But we soon realized that rebuilding capacity was not sufficient, that we needed more time and resources to prepare better for what, in some years, was literally a ‘parade’ of funnel clouds.   And, indeed, the focus slowly shifted, not away from disaster response but to more balanced approach that brought science and civics to bear on local preparedness.  Weather-related technology was able to warn us in time of impending crises so that authorities could be mobilized and valuables and loved ones protected.

But this doesn’t happen, can’t happen everywhere. As noted in the Al Jazeera story on Vanuatu, “People are really upset and it’s really hard, just because for the last couple of years, we haven’t received a really big cyclone like this one,” said Isso Nihmei, Vanuatu coordinator for the environmental and crisis response group 350.  Most people right now, they are really homeless.”

In such circumstances, many of us would want to know: Where were the weather forecasters?  Where were the warnings?   Where were the preparations that could have provided more resilient options to ‘weather’ the coming storm?

If we know anything with certainty, it is that the ‘holiday’ from disaster that Vanuatu apparently experienced is unlikely to be repeated soon.  Between increases in tropical depressions, widening areas of drought, flooding from land whose forests have been denuded, the erosion of shorelines, and other hazards – and this on top of the more obvious human-made disasters from armed violence, trafficking and other calamities – trouble is brewing in far-flung corners of the globe.

People facing such the prospect of such disaster need reassurances at two levels.   First, that there are competent professionals able and willing to respond when disaster strikes; and second that all possible efforts have been made to warn residents and promote resilience before trouble strikes.

Forecasting that ‘trouble’ can be tricky business.  But we have suffered greatly in the security sector from assistance – in the form of peacekeepers or military response to mass violence – that arrives too late to stem the violence in its earliest stages.   Disaster relief that arrives too late can also jeopardize lives needlessly.   As noted in the literature of the HOPEFOR initiative (Qatar, Dominican Republic, Turkey and others) to which GAPW has been attentive, when crisis response is needed, timing is always of the essence (http://hopeforinitiativedr.org).  Given extraordinary improvements in disaster technology, improved forecasting must be an integral part of any disaster response.

Not all disasters can be averted.  There are some tornadoes in the south of the US so massive that resilience is almost futile.  Earthquakes and tsunamis can devastate communities and landscapes in what seems like an instant.  And, as noted by several experts in Sendai, technical warnings can fail to reach the right people, or reach them in a way that is confusing in terms of preferred responses.   Or people can choose to ignore warnings (as we in the US sometimes do with hurricanes and floods) or simply have no viable response options to looming threats.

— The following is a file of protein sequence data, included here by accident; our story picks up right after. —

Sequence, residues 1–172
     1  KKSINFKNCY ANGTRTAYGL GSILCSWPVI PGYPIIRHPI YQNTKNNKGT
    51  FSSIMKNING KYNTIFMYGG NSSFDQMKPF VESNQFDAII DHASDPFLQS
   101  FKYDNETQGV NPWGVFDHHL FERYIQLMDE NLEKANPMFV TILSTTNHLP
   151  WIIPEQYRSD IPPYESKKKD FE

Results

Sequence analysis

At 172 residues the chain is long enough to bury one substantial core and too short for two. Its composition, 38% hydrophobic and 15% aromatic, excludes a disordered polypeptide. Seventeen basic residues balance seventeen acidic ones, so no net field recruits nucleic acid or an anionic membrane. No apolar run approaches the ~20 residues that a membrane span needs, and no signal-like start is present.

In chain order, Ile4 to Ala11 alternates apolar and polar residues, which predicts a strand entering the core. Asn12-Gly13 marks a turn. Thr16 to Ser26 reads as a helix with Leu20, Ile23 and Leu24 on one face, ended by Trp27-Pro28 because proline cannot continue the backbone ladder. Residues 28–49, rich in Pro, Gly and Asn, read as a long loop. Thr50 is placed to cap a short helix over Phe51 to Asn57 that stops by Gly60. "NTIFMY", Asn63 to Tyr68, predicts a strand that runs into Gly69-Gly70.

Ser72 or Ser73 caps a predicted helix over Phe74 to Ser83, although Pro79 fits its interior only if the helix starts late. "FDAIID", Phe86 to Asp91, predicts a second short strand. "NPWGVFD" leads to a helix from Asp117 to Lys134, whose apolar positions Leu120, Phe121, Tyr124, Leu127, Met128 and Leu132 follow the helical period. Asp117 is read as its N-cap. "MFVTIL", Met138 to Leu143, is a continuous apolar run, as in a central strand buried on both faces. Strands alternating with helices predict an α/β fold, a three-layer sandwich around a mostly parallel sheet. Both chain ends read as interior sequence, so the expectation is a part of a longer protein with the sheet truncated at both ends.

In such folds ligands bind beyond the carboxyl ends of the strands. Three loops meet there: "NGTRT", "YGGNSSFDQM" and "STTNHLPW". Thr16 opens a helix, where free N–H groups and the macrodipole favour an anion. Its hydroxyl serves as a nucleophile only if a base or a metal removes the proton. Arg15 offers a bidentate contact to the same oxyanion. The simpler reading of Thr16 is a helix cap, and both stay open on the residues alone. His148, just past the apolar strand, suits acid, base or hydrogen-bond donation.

But for many natural disasters, there are warning signs that are far less expensive to heed than the price tag resulting from disasters’ aftermath. This is especially true given the disasters that will likely intensify as our climate continues to deteriorate.  In response to the tragedy of Vanuatu, the president of Seychelles was quoted as saying “Today it is the South Pacific, tomorrow it could be us.”

Indeed it could well be.

Disaster response is in part about running several races against time almost in tandem. We need better forecasting and more quickly.  We need funding to support greater resiliency and more viable options for communities in the face of disaster.  We need more civilian-based response services on high alert to get to the scenes of crises rapidly and even before any crises unfold.  But most of all, we need dramatic diplomatic movement on climate health and other human interventions to give hope to communities suffering from disasters of a magnitude that they simply could never manage alone.

The UN is well positioned to help states meet the challenges, changes and resource needs for highly competent, trustworthy Disaster Management.   Such management is no substitute for a political agreement to reverse climate damage.   But at least until such an agreement is forthcoming — hopefully soon in Paris — and made fully functional, disaster management must maintain this high priority for states and the international system.